Foraging ecology and parental behaviour in the common tern (Sterna hirundo)
Burness, Gary P.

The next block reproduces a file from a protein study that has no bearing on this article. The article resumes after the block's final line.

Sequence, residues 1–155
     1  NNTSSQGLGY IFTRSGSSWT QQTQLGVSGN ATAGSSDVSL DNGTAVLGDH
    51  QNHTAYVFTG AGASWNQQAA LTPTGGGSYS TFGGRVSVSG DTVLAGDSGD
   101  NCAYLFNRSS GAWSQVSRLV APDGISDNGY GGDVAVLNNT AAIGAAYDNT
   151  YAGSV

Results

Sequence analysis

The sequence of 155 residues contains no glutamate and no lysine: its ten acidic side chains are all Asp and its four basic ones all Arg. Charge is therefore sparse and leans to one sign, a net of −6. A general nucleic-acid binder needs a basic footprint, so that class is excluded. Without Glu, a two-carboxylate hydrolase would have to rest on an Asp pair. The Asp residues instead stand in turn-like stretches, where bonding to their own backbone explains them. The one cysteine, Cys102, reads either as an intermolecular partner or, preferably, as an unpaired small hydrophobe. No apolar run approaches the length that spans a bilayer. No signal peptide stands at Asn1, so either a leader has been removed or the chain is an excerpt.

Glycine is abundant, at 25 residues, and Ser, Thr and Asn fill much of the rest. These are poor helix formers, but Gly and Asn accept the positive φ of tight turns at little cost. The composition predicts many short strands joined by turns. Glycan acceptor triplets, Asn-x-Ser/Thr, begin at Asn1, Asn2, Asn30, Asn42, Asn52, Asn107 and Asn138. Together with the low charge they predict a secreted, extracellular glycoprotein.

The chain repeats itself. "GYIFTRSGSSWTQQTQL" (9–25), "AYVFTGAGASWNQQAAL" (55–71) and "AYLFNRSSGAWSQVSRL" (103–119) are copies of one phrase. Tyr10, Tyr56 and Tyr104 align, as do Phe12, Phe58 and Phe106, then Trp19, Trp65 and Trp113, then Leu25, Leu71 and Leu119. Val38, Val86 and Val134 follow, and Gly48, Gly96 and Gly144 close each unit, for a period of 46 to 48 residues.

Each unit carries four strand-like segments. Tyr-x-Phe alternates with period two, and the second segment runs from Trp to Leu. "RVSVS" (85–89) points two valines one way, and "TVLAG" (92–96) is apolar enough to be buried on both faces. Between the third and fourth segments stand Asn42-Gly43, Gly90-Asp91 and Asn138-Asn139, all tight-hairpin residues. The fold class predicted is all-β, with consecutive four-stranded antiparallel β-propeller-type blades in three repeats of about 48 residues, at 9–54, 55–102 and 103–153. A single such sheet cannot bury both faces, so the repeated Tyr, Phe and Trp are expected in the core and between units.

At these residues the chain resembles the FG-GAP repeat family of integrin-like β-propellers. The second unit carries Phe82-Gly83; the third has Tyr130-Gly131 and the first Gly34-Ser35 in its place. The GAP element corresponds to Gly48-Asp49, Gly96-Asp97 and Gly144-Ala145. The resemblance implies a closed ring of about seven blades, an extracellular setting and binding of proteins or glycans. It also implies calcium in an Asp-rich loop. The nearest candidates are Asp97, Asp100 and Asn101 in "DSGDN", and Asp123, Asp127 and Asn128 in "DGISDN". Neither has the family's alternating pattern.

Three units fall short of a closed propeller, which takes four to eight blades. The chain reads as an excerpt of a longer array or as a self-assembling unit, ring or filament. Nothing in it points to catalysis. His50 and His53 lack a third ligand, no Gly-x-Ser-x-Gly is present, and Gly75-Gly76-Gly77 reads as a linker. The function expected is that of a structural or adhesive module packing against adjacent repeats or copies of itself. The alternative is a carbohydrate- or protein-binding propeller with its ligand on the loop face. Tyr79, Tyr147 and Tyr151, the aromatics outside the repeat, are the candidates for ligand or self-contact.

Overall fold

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One component of successful parenting is related to efficiency in foraging behaviour. The relationships among chick feeding, the size and type of food package, and length of parental foraging trips has not been well studied in seabirds. In addition, relatively few data have been collected on the activities of seabirds when foraging away from the nest site. The objectives of this study were: (1) to contrast productivity, feeding rate, and attendance patterns of individuals carrying a novel transmitter with a control group of birds; (2) to use radio-telemetry to assess the variability in foraging locations within and between individual male Common Terns; (3) to determine the seasonal variation in chick diet; (4) to determine for each transmittered bird, the relationships among the foraging patterns, parental behaviour, and seasonal reproductive success. The study took place over two years (1990-91) on a concrete breakwater 1 km offshore on Lake Erie near Port Colbome, Ontario. Ten pairs of terns in 1990 and 12 pairs in 1991 were radio-tracked by boat or car during the chick rearing stage. Concurrent behavioural observations documented the time each sex spent foraging or at the nest. The frequency and prey species composition of feeds to chicks were also recorded. The transmitters had negligible effects on the feeding frequency and brood attendance patterns of transmitter carrying birds. Peak nesting transmittered birds in 1990 and 1991 exhibited some inter-individual variability in foraging locations, however intraindividual variability was low. Birds foraged primarily to the west and northwest of the colony. Late nesters exhibited greater inter-individual variability, however intra-individual variability remained low for most birds. Neither group demonstrated sufficient variability to support the regular use of this colony as an "information centre". Individual transmittered birds had unique and predictable foraging patterns, and corresponding differences in feeding frequencies and brood attendance patterns, yet productivity was essentially equal between nests due to the impact and importance of stochastic events. Individuals that were recaptured in 1991 exhibited very similar foraging patterns to 1990, suggesting littie variability between years. Conservation of foraging patterns between years may have potential implications for mate choice decisions in future breeding seasons. Prey species delivered to chicks differed between morning and evening for peak and late nesters in 1990, but not 1991. Peak nesters in 1990 fed significantiy more Rainbow Smelt fOsmerus mordM) than Emerald Shiner (Notropis atherinoidesV this trend was reversed for late nesters who also fed large numbers of unidentified larval fish. No significant differences were found in 1991. Seasonal changes in prey species delivered to chicks is believed to be attributable to the temperature tolerances of the smelt and shiners, and the presence of large schools of larval fish during the late nesting season.